It has been hypothesized that copper-mediated oxidative stress contributes to the pathogenesis of familial amyotrophic lateral sclerosis (ALS), a fatal motor neuron disease in humans. To verify this hypothesis, we examined the copper and zinc concentrations and the amounts of lipid peroxides, together with that of the expression of metallothionein (MT) isoforms in a mouse model [superoxide dismutase1 transgenic (SOD1 Tg) mouse] of ALS. The expression of MT-I and MT-II (MT-I/II) isoforms were measured together with Western blotting, copper level, and lipid peroxides amounts increased in an age-dependent manner in the spinal cord, the region responsible for motor paralysis. A significant increase was already seen as early as 8-week-old SOD1 Tg mice, at which time the mice had not yet exhibited motor paralysis, and showed a further increase at 16 weeks of age, when paralysis was evident. Inversely, the spinal zinc level had significantly decreased at both 8 and 16 weeks of age. The third isoform, the MT-III level, remained at the same level as an 8-week-old wild-type mouse, finally increasing to a significant level at 16 weeks of age. It has been believed that a mutant SOD1 protein, encoded by a mutant SOD1, gains a novel cytotoxic function while maintaining its original enzymatic activity, and causes motor neuron death (gain-of-toxic function). Copper-mediated oxidative stress seems to be a probable underlying pathogenesis of gain-of-toxic function. Taking the above current concepts and the classic functions of MT into account, MTs could have a disease modifying property: the MT-I/II isoform for attenuating the gain-of-toxic function at the early stage of the disease, and the MT-III isoform at an advanced stage.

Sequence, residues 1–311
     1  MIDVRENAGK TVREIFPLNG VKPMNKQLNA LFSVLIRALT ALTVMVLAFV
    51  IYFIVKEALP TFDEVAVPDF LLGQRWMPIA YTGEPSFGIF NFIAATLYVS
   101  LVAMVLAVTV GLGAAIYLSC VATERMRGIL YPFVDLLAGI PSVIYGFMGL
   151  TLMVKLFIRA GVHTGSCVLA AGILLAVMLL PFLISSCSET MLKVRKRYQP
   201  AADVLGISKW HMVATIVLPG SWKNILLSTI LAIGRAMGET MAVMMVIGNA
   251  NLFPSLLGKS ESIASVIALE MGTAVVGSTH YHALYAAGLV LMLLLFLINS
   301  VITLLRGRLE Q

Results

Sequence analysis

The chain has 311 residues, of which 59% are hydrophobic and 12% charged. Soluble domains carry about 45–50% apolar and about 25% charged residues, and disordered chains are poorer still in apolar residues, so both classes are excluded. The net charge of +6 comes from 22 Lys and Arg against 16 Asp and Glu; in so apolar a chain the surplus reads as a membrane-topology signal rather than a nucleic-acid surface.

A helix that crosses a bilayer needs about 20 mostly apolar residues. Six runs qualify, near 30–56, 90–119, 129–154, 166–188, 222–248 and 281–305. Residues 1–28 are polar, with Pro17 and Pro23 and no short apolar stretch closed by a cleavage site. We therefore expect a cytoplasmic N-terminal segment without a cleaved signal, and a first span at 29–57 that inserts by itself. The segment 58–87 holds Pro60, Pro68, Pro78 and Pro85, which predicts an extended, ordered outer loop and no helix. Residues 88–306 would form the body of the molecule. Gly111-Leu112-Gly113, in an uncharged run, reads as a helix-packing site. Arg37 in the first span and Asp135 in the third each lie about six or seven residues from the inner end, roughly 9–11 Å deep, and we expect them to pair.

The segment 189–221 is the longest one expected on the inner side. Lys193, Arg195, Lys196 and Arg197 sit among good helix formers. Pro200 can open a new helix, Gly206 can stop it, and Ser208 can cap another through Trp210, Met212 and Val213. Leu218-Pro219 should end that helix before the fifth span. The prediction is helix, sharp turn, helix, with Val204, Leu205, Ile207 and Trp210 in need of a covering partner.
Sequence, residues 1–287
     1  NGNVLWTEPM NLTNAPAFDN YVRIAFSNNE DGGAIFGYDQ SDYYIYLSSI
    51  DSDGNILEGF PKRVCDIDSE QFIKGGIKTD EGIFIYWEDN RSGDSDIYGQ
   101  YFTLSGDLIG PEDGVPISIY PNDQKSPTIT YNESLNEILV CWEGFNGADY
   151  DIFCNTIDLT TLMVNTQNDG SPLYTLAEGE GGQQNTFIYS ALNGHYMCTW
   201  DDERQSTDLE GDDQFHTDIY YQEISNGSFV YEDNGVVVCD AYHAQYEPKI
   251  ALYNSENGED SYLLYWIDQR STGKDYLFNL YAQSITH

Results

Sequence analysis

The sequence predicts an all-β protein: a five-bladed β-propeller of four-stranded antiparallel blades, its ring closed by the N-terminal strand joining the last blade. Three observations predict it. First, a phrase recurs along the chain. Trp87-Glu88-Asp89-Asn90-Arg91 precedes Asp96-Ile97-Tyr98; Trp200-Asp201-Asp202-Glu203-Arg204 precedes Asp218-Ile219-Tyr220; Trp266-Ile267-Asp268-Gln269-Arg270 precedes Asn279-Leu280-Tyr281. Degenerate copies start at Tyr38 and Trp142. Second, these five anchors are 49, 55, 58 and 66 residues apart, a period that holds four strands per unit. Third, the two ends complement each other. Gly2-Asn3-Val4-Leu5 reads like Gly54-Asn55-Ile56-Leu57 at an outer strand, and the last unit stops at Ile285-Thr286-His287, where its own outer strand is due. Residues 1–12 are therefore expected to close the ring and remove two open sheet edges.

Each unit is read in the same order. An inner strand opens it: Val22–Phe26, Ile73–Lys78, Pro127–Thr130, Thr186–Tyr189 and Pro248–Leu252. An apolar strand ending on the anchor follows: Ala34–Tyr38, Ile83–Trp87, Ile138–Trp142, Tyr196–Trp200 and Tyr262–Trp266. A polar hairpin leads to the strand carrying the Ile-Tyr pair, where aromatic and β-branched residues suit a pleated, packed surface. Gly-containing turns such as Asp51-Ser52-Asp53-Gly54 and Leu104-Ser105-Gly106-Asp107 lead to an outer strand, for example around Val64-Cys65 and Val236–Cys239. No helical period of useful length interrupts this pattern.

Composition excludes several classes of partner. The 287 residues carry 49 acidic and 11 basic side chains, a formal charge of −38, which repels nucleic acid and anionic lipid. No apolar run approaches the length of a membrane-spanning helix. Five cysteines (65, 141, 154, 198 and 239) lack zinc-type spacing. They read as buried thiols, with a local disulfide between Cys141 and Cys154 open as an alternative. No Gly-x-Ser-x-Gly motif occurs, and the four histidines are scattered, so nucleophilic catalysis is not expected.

- Amyotrophic lateral sclerosis
- Oxidative stress
- Superoxide dismutase1
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